The Invisible Chair

At our College and Career Bible study on Sunday night, my friend Brandon brought up a few questions about how we characterize faith.  How do we view it?  How does it work in our lives? And, maybe most importantly, how do we maintain faith when things don’t make sense? 

A classic analogy that fits with discussions regarding faith is the idea of a chair.  We have faith in a chair when we sit in it.  We transfer our weight to it and we trust that it will hold us up.  We can inspect the chair to see if it is trustworthy and then decide if it is reliable.  In a lot of ways, our faith in God can be like this.  We search the Scriptures.  We get to know the character of God.  We learn from past experiences that God is trustworthy and deserves to be relied upon.  He can sustain us far better than any chair could. 

But Brandon’s final question brings up an area in which the chair analogy falls short:  what do we do when things don’t seem right?  What do we do when God asks us to rely on Him in an area where He doesn’t appear so reliable?  Or to put it in a better way, what if the chair is invisible?  What if we can’t inspect it to determine if it can hold us?  What if sitting down seems like the worst possible option? 

We can easily see times where this comes into play.  Sometimes God leads a person to leave their ideal situation for one that is much less desirable.  Sometimes God leads a person from a safe environment into one that is dangerous.  Sometimes God calls a loved one home at the worst possible time (as if there is a good time).  Sometimes a relationship is destroyed and God isn’t quick to repair it.  Jesus used the imagery of a cup.  Sometimes the cup we are given by God has something sweet in it.  Sometimes it is bitter.  Sometimes the object of our faith is invisible.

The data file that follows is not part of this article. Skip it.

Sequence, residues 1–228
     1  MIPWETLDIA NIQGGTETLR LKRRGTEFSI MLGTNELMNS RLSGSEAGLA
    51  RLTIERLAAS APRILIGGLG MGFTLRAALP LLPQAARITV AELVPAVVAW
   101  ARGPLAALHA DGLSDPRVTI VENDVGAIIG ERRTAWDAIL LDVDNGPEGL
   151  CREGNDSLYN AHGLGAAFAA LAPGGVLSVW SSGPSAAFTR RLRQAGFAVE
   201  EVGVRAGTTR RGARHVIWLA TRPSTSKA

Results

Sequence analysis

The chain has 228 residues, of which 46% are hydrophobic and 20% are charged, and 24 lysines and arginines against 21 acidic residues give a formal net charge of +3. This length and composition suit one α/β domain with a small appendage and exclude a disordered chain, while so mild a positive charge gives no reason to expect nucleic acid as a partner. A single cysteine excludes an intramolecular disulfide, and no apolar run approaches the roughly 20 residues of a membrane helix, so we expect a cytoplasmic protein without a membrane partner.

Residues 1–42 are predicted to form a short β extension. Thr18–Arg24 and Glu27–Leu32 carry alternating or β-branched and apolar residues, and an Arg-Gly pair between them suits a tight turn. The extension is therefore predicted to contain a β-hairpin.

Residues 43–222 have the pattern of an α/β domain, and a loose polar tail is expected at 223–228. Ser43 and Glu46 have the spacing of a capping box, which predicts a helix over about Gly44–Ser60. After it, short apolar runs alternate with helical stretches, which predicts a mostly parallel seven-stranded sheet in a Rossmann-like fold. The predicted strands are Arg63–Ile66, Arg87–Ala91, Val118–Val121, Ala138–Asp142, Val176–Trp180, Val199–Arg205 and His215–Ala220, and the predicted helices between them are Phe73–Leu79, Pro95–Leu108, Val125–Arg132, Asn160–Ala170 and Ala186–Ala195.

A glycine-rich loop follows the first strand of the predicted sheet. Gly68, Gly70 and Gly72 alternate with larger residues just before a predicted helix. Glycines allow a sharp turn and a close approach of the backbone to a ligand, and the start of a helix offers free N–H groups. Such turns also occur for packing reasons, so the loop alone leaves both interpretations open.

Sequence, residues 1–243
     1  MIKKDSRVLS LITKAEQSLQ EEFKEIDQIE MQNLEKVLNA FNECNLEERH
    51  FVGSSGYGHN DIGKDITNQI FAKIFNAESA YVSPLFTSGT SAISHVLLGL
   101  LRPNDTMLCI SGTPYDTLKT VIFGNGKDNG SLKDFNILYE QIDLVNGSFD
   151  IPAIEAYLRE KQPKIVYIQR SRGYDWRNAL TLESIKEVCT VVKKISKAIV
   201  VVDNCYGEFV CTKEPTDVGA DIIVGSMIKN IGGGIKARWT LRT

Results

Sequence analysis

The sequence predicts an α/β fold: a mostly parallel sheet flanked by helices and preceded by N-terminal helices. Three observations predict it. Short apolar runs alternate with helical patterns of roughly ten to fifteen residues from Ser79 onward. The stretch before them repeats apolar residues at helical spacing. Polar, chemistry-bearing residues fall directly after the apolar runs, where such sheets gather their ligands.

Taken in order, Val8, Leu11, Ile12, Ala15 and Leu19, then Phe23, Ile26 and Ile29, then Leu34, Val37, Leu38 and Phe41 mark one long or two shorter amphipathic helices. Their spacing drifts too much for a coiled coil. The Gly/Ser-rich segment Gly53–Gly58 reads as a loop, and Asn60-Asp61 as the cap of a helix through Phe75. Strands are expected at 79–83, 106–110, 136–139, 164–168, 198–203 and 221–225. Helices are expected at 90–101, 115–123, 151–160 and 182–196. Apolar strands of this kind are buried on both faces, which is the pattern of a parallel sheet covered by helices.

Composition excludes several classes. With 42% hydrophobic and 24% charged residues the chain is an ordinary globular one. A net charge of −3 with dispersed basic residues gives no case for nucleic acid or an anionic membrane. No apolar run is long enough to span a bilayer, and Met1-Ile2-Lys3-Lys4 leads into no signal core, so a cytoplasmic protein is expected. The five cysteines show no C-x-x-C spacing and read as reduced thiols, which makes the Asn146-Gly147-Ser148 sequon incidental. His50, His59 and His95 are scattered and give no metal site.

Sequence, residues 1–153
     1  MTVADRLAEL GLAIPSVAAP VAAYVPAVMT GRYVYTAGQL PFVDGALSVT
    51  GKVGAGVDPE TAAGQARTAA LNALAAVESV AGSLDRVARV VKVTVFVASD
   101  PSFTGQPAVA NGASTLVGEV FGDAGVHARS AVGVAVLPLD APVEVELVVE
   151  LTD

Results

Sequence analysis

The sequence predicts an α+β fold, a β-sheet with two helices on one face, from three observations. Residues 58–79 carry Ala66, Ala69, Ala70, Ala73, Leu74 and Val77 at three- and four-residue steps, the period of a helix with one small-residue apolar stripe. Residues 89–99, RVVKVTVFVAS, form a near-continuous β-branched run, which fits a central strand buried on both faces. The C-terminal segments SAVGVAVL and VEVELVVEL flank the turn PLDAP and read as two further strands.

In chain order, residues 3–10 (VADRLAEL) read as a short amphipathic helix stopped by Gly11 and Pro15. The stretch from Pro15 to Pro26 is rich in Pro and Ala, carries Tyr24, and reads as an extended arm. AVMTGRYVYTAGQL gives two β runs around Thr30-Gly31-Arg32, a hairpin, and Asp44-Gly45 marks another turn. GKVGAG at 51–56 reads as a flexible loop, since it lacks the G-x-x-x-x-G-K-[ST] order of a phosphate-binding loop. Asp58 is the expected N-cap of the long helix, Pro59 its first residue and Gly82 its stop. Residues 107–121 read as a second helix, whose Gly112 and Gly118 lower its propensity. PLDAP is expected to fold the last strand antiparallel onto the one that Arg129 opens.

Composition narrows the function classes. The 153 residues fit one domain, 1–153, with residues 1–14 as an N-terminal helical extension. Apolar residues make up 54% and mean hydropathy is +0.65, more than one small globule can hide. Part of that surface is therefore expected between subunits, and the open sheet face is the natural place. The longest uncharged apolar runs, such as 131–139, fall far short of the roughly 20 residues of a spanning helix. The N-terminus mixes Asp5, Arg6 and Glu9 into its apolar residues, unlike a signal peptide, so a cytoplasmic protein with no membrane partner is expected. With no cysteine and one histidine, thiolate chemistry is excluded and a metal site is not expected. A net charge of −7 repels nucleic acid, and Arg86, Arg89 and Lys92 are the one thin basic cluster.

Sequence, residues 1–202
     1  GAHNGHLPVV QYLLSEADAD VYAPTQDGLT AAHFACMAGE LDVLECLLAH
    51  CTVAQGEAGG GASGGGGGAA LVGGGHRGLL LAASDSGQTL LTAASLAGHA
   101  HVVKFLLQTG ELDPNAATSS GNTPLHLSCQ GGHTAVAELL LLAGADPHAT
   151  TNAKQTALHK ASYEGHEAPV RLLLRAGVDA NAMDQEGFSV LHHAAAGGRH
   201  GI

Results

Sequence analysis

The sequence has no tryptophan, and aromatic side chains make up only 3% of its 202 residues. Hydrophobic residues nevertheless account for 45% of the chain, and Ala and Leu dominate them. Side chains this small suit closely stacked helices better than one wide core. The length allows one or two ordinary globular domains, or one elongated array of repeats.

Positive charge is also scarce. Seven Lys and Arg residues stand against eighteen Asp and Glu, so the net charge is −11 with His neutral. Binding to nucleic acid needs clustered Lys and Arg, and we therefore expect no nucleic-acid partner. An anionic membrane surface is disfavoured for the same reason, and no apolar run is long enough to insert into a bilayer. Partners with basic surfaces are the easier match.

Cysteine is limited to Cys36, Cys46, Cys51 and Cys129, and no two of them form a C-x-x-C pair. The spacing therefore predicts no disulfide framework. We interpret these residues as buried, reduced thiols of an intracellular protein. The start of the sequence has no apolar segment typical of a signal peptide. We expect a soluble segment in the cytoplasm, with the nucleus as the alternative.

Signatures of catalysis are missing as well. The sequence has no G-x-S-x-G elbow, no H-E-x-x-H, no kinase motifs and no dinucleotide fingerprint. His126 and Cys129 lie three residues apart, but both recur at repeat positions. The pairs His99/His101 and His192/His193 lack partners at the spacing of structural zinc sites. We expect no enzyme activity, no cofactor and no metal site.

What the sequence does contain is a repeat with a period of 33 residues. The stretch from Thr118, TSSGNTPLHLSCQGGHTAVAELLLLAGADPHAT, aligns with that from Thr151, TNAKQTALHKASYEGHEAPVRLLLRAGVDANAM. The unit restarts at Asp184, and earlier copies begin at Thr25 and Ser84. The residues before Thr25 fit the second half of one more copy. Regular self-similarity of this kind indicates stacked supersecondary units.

Thankfully the Bible talks about the invisible chair.  Hebrews 11 shows us that faith in God, while reasonable, is based upon the invisible.  We cannot see God.  We cannot test His structure.  Our faith in Him is not based upon sight.  11:1, “Now faith is the… conviction of things not seen”; v3, “…What is seen was not made out of things that are visible”; v7, “Noah, being warned by God concerning events as yet unseen…”; v8, “Abraham…went out, not knowing where he was going”; vs13-16, “All of these died in faith…” without seeing what they hoped for; v27, “By faith (Moses) left Egypt, not being afraid of the anger of the king, for he endured as seeing Him who is invisible.”

Verse 27 states that Moses wasn’t afraid of the visible problem.  The strength of his faith allowed for the same action as if he could see God face to face.  Our faith is not without reason.  It is not blind.  We have evidence that God can take care of us regardless of the situation.  However, the Object of our faith is invisible to us for a time.  Let us strive to “endure as seeing Him who is invisible.”

 

-Pastor Andrew

 

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